The architecture of ADO (ActiveX Data Objects), Microsoft's newest form of database communication, is simple, concise, and efficient. This indispensable reference takes a comprehensive look at every object, collection, method, and property of ADO for developers who want to get a leg up on this technology.

Read More Show Less

Product Details

  • ISBN-13: 9781565924154
  • Publisher: O'Reilly Media, Incorporated
  • Publication date: 7/4/2001
  • Edition description: 1 ED
  • Edition number: 1
  • Pages: 624
  • Product dimensions: 7.06 (w) x 9.20 (h) x 1.18 (d)

Meet the Author

Jason T. Roff has worn many hats with his extensive experience as a project manager, a software developer and a software architect. Roff's technical talents include expertise in C++, Java, ADO, Visual Basic, SQL Server, and object-oriented design.

Read More Show Less

Read an Excerpt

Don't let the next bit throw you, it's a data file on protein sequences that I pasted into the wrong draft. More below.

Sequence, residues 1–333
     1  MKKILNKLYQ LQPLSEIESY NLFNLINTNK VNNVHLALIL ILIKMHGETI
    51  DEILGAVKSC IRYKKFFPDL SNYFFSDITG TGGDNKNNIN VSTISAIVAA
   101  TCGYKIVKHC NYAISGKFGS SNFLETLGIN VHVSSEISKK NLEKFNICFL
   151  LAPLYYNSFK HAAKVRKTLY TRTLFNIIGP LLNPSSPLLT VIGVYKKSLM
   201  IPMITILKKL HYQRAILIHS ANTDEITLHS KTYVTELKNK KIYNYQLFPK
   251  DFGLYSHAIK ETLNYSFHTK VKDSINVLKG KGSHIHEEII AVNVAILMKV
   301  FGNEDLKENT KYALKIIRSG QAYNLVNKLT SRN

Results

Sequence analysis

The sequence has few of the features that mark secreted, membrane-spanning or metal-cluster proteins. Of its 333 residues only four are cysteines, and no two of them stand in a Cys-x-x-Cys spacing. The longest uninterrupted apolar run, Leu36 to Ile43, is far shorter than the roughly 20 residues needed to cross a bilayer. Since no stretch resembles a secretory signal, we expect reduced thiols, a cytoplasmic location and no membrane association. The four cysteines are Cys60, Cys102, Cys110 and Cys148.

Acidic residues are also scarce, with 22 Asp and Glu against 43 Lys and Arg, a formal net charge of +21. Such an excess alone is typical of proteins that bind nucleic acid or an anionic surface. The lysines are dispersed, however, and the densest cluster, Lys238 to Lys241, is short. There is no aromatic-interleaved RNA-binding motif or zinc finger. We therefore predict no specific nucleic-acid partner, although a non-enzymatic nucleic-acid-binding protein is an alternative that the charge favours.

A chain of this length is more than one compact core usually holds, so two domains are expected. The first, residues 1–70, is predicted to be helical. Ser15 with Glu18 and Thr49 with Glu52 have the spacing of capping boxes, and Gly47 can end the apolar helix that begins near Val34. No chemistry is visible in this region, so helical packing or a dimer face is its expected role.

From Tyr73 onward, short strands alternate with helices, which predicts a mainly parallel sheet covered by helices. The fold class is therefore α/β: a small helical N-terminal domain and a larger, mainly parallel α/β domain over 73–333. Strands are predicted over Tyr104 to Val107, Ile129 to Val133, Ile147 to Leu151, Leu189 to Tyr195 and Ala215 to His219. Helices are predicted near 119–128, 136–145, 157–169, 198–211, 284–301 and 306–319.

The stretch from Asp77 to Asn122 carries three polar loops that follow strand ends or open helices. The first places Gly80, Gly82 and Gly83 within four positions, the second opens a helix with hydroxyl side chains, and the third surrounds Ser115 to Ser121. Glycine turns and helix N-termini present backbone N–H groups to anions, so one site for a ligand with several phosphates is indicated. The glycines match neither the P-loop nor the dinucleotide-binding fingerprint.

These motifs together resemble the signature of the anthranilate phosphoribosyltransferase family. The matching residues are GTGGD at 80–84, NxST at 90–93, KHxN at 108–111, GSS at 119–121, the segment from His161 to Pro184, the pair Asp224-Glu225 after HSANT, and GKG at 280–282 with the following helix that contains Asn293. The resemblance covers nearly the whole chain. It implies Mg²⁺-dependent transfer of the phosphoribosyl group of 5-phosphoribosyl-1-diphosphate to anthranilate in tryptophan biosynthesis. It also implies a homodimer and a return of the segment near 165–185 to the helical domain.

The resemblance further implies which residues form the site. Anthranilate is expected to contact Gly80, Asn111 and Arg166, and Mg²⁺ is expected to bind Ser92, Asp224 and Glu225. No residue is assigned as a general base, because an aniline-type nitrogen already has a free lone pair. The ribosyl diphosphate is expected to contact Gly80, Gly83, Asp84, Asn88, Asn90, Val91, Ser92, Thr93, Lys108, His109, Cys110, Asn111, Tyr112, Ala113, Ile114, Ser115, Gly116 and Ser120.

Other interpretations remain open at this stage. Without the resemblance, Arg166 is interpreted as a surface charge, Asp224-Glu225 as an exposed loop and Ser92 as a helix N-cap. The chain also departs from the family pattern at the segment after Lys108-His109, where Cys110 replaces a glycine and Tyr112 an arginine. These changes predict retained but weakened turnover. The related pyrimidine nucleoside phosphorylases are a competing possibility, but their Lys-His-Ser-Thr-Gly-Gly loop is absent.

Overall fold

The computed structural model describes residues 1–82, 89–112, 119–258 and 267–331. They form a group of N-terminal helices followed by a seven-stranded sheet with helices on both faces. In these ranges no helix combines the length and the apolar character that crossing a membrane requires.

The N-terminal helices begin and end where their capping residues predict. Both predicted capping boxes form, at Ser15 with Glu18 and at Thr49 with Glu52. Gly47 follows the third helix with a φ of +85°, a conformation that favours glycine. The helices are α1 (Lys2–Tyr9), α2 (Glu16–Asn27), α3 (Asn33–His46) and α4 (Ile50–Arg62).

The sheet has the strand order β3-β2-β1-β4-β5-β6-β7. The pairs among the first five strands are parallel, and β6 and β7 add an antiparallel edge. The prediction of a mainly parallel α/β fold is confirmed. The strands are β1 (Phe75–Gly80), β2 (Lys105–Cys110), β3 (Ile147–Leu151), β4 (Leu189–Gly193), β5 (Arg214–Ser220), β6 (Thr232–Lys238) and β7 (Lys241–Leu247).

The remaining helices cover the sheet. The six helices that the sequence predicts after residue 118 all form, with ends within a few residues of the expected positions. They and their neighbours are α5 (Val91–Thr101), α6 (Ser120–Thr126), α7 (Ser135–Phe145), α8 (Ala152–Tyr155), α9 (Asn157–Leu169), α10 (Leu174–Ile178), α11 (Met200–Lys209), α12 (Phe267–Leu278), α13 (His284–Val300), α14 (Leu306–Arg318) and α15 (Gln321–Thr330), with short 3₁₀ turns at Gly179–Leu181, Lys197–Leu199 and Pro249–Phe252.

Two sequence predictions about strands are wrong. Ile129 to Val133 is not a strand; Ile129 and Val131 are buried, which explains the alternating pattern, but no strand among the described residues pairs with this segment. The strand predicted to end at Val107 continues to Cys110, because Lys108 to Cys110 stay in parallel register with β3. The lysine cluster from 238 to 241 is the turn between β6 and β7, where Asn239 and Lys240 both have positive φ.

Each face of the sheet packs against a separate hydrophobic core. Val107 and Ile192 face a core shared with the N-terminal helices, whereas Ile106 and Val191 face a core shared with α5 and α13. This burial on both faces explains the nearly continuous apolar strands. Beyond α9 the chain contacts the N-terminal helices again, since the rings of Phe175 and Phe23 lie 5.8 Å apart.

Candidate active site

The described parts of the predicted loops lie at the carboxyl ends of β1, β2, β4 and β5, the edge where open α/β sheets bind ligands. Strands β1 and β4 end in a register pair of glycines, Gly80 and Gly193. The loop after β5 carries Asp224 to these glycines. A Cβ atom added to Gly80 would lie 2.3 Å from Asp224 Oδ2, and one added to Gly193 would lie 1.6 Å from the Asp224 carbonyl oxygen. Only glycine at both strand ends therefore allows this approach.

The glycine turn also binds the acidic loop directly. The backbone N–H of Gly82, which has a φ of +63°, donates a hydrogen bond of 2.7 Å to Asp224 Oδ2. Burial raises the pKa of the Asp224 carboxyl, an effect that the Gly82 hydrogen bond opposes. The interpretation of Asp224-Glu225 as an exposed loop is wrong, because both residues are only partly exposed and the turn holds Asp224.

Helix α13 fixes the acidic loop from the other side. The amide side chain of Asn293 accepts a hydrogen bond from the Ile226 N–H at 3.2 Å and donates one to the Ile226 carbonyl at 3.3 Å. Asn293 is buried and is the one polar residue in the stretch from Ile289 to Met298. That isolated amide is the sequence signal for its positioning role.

Chapter 3: Accessing ADO with Various Languages

Because ActiveX Data Objects expose their properties by means of COM interfaces, they can be accessed by any language that can utilize COM. In this book, we will look at accessing ADO from Visual Basic, Visual C++, and Visual J++, since these are the most commonly used tools for developing ADO applications on the Windows operating system.

In addition to these three languages, there are two scripting languages that are already well-established: VBScript and JScript. VBScript is a lightweight subset of Visual Basic that's designed specifically for adding script to HTML documents. JScript is Microsoft's implementation of JavaScript, designed for script development within HTML documents.

Although ADO is meant to offer the same development interface to each language from which it is accessed, some inconsistencies arise because of differences in their syntax and the development environments in which they are used. In this chapter, we will take a look at each of the five languages and learn how to get started developing ADO applications in each.

Accessing ADO with Visual Basic

Visual Basic is probably the most popular language in which to develop applications for ADO. It is also the language used in the examples and code throughout this book. Visual Basic is a very easy language to understand and excellent for both beginners and advanced developers.